Sleep symptoms and long-term outcome in adolescents with major depressive disorder : a naturalistic follow-up study

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Adolescent Depression Study Grp , Urrila , A S , Kiviruusu , O , Haravuori , H , Karlsson , L , Viertiö , S , Suvisaari , J & Marttunen , M 2020 , ' Sleep symptoms and long-term outcome in adolescents with major depressive disorder : a naturalistic follow-up study ' , European Child & Adolescent Psychiatry , vol. 29 , no. 5 , pp. 595-603 . https://doi.org/10.1007/s00787-019-01436-z

Title: Sleep symptoms and long-term outcome in adolescents with major depressive disorder : a naturalistic follow-up study
Author: Adolescent Depression Study Grp; Urrila, Anna S.; Kiviruusu, Olli; Haravuori, Henna; Karlsson, Linnea; Viertiö, Satu; Suvisaari, Jaana; Marttunen, Mauri
Contributor: University of Helsinki, Staff Services
University of Helsinki, Center for Population, Health and Society
University of Helsinki, HUS Psychiatry
University of Helsinki, National Institute for Health and Welfare (THL)
University of Helsinki, HUS Psychiatry
Date: 2020-05
Language: eng
Number of pages: 9
Belongs to series: European Child & Adolescent Psychiatry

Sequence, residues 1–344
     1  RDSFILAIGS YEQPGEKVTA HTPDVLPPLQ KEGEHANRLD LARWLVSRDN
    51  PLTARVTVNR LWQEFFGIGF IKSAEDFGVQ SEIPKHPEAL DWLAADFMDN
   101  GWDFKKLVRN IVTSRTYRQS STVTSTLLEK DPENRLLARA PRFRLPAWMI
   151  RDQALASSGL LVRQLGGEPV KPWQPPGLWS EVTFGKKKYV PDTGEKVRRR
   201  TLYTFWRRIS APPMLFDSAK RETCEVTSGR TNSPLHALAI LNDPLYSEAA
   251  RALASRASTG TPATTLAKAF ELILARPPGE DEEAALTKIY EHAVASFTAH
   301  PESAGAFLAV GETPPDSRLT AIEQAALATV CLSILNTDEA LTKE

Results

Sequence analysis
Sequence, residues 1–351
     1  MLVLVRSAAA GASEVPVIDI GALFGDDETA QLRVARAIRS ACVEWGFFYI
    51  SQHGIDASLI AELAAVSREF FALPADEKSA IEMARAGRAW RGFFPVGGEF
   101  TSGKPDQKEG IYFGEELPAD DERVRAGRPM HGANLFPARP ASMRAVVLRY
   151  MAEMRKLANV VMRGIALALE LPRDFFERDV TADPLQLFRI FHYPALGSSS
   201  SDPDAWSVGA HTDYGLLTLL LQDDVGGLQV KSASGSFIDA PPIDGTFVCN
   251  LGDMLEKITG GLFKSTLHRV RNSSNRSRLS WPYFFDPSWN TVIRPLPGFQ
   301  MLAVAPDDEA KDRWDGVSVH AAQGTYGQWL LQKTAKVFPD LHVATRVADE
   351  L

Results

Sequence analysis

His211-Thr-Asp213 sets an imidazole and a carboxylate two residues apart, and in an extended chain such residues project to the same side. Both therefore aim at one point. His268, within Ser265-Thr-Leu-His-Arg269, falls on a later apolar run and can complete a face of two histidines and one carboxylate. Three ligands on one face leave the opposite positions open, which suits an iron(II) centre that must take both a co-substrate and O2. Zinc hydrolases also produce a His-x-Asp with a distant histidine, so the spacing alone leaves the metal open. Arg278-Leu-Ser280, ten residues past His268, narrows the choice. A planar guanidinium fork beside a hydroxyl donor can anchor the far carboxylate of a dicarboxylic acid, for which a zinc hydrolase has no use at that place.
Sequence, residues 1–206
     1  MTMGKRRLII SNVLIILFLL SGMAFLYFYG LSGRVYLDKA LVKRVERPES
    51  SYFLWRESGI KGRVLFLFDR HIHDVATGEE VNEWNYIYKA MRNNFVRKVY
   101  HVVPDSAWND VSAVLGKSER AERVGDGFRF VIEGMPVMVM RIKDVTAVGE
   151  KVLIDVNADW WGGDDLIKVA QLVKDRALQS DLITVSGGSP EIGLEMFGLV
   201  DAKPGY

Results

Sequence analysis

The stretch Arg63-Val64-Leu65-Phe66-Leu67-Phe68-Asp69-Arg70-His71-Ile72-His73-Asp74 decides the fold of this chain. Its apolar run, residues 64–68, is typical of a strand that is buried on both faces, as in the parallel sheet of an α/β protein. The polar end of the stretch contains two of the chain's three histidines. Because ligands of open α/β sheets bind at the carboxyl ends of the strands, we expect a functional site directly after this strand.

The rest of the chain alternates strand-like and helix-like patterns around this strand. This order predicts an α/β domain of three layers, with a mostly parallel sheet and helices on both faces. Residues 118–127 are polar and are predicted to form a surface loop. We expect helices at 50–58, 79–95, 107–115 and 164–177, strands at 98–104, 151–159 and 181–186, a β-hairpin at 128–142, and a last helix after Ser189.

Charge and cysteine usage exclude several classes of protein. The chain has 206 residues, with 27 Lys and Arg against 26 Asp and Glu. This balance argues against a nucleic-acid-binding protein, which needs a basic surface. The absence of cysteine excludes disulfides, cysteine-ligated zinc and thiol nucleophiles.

ISSN: 1018-8827
URI: http://hdl.handle.net/10138/316253
Abstract: Sleep abnormalities in major depressive disorder (MDD) have been suggested to represent a vulnerability trait, which might predispose the individual to long-term psychiatric morbidity. In this study, we sought to assess whether the presence of sleep symptoms among adolescents with MDD is associated with poorer long-term outcome in young adulthood during naturalistic follow-up. Adolescent outpatients diagnosed with MDD (n=166; age 13-19 years, 17.5% boys) were followed up during 8 years in naturalistic settings. N=112 adolescents (16.1% boys) completed the 8-year assessment. Sleep symptoms and psychosocial functioning were assessed with structured clinical interviews, and depressive and anxiety symptoms with questionnaires. The severity of sleep symptoms at baseline was not associated with worse outcome at 8 years in terms of any of the outcome measures tested. In particular, the presence of a disturbed sleep-wake rhythm at baseline was associated with a more favourable outcome at 8 years: less depression and anxiety symptoms and higher level of psychosocial functioning. The presence of sleep symptoms in young adulthood was associated with the presence of current depression and anxiety symptoms and poorer psychosocial functioning. The presence of sleep symptoms at follow-up seems to be state-dependent: they are observed in conjunction with other psychiatric symptoms. Contrary to our hypothesis, our results suggest that sleep complaints among adolescents with MDD do not lead to poorer long-term clinical outcome in young adulthood. The link between sleep-wake rhythm disturbance and better long-term outcome needs to be confirmed and examined in detail in further studies, but here we speculate about possible explanations.
Subject: Adolescent
Depression
Follow-up
Major depressive disorder
Sleep
Young adult
RESIDUAL SYMPTOMS
YOUNG-ADULTS
CHILDREN
INVENTORY
OUTPATIENTS
PREDICTORS
RECURRENCE
COMPLAINTS
3124 Neurology and psychiatry
3123 Gynaecology and paediatrics
515 Psychology
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